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Children's Health | Coronavirus

Don't Hesitate: Vaccinate Today for School

Article
8/13/2021
A boy gets the COVID-19 vaccine

Back to School Means Vaccine Time

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COVID-19 Vaccine Efforts | Coronavirus | Immunization Healthcare | Vaccine-Preventable Diseases | Vaccine Recommendations | Children's Health | Immunizations | About TRICARE

MHS and MOS Town Hall To Your Health: Back to School

Article
8/10/2021
Infographic about the To Your Health Town Hall

MHS and Military OneSource presents a summer safety discussion with experts about Back to School Vaccinations and Beyond

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Immunization Healthcare | Vaccine-Preventable Diseases | Children's Health

How You Can Prevent This Cancer-Causing Sexually Transmitted Infection

Article
8/4/2021
Doctor talking to a boy

Get the HPV vaccinations for cancer prevention if you haven’t already

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Immunization Awareness Month | Medical and Dental Preventive Care Fitness | Children's Health | Immunizations

Retinopathy of Prematurity, Important Focus for Military Eye Doctors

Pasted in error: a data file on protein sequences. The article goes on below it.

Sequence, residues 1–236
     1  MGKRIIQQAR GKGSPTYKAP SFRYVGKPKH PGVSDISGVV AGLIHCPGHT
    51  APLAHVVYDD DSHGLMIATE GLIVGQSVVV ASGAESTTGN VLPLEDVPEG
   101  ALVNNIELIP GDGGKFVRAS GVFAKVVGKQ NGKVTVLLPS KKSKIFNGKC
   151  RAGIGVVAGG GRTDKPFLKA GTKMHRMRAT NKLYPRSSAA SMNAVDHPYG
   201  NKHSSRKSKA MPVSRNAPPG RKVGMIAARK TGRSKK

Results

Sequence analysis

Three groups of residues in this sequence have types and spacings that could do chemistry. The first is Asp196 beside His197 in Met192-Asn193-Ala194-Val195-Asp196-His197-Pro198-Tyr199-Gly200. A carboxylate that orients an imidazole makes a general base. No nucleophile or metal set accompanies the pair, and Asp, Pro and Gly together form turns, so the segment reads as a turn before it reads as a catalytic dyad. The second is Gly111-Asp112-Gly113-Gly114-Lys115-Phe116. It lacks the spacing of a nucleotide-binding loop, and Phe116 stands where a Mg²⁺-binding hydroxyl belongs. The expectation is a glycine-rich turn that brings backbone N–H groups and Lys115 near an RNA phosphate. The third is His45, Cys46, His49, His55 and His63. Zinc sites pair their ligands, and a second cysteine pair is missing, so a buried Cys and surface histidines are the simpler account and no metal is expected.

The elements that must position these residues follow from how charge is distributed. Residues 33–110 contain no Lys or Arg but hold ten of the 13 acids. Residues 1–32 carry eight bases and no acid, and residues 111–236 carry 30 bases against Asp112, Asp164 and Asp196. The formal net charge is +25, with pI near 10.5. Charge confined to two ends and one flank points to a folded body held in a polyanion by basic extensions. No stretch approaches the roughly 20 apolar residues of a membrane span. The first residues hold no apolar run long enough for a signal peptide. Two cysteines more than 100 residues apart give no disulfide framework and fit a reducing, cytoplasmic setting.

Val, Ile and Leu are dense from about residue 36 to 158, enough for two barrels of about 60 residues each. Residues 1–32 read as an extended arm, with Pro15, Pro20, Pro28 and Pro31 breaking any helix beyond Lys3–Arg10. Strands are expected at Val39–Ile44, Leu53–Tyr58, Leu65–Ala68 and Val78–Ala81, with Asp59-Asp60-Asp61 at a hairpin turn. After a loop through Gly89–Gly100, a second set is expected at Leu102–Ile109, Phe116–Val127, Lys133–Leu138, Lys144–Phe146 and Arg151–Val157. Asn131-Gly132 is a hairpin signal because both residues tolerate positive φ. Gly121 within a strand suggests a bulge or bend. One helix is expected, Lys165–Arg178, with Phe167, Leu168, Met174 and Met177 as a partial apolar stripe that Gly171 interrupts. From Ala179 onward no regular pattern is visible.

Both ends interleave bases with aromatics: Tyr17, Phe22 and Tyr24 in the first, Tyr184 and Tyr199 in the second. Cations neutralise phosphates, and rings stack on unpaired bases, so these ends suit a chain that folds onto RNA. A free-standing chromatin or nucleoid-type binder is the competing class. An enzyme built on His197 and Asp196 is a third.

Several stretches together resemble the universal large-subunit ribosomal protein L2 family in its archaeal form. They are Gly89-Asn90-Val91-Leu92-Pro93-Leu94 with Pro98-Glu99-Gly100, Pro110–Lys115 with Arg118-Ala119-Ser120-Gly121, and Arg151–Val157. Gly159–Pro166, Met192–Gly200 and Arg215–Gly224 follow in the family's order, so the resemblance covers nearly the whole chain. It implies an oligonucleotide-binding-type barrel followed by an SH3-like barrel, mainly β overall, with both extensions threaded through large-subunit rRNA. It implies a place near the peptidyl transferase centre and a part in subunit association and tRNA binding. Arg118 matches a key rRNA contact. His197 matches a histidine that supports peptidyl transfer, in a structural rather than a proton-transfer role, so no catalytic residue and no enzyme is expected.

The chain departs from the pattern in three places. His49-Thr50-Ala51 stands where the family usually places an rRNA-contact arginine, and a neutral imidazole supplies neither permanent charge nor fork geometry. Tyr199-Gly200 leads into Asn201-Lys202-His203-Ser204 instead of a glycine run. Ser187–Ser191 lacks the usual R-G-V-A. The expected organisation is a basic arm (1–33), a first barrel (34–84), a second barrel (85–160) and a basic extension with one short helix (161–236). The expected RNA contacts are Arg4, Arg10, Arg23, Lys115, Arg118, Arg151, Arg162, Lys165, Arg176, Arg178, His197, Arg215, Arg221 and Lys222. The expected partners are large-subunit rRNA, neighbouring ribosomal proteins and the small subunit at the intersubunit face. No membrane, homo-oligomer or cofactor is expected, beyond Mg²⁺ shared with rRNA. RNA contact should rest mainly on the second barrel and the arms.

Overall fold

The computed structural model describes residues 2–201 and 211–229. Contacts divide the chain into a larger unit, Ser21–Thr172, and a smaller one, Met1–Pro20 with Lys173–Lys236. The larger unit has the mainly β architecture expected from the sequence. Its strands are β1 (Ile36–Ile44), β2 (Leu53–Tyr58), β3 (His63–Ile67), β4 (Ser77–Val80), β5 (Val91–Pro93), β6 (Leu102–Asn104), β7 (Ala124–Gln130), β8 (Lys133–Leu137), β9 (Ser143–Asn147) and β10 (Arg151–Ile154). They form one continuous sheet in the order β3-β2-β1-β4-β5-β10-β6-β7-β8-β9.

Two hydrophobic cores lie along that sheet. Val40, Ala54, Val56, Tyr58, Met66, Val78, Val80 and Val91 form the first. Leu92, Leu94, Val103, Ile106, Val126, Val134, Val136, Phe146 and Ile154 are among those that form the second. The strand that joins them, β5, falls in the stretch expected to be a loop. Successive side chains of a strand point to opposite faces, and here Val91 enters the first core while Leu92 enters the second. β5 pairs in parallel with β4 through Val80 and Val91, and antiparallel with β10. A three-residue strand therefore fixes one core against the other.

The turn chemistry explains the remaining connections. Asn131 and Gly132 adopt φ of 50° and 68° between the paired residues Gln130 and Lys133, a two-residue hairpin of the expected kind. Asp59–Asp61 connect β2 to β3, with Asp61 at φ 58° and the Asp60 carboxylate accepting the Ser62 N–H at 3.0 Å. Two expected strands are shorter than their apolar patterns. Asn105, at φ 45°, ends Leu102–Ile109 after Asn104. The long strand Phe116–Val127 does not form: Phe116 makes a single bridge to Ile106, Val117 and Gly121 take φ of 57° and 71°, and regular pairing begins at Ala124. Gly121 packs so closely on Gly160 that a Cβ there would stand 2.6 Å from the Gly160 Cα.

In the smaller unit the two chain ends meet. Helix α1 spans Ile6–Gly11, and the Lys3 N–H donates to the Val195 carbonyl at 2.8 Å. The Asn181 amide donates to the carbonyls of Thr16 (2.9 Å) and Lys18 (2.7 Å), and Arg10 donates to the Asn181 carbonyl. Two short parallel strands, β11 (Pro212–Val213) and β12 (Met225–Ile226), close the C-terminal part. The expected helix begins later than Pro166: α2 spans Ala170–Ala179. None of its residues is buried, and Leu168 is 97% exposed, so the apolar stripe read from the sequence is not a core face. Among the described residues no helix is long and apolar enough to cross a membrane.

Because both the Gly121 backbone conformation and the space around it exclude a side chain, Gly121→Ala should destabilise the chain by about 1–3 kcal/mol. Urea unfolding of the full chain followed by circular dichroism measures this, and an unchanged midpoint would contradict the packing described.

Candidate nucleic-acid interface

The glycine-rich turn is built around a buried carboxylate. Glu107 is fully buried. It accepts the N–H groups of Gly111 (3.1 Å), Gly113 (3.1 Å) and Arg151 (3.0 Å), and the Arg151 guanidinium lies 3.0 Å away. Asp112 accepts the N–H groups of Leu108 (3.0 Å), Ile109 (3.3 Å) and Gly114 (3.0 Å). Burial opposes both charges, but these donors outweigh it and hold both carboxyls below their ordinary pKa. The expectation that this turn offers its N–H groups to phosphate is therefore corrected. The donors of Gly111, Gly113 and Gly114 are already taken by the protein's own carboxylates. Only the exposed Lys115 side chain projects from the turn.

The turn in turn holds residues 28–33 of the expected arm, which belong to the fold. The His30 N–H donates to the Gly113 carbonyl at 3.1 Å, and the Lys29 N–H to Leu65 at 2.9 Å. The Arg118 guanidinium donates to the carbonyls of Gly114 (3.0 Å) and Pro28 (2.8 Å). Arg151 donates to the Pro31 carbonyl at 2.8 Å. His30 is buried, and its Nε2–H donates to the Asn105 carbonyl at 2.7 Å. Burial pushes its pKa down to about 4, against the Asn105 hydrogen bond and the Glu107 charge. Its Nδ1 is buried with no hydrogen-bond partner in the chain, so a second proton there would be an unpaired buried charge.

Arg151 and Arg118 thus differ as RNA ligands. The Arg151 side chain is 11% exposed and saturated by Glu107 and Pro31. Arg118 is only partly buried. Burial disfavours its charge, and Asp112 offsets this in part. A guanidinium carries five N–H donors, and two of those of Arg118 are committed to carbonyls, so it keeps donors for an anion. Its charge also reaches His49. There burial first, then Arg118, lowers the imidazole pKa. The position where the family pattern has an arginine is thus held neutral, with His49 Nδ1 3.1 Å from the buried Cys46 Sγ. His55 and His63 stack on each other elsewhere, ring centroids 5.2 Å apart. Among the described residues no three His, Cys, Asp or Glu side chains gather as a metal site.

Article
6/23/2021
Health personnel conducting a morning assessment on an infant

Retinopathy of Prematurity is a little-known disease with big risks.

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Children's Health | Electronic Health Record: MHS GENESIS | Centers of Excellence

NMRTU Everett pediatrician continues to provide patient-centered care

Article
6/11/2021
Military health personnel wearing a face mask examining a new born baby

NMRTU pediatrician cares for her patients, one child at a time.

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Children's Health

Based on data, MHS experts encourage vaccines for adolescents

Article
6/1/2021
Sister and brother smiling at each other

With the Pfizer vaccine approved for youth ages 12 to 15, MHS adolescents are lining up to get the COVID-19 vaccine.

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Coronavirus and the COVID-19 Vaccine | Coronavirus | COVID-19 Vaccine Efforts | Children's Health | Vaccine Eligibility

Adolescents ages 12 and older eligible for COVID-19 vaccinations

Article
5/27/2021
Son of military personnel receiving his COVID-19 vaccine

Pfizer vaccine now authorized for children 12 and older.

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Children's Health | Coronavirus and the COVID-19 Vaccine | Coronavirus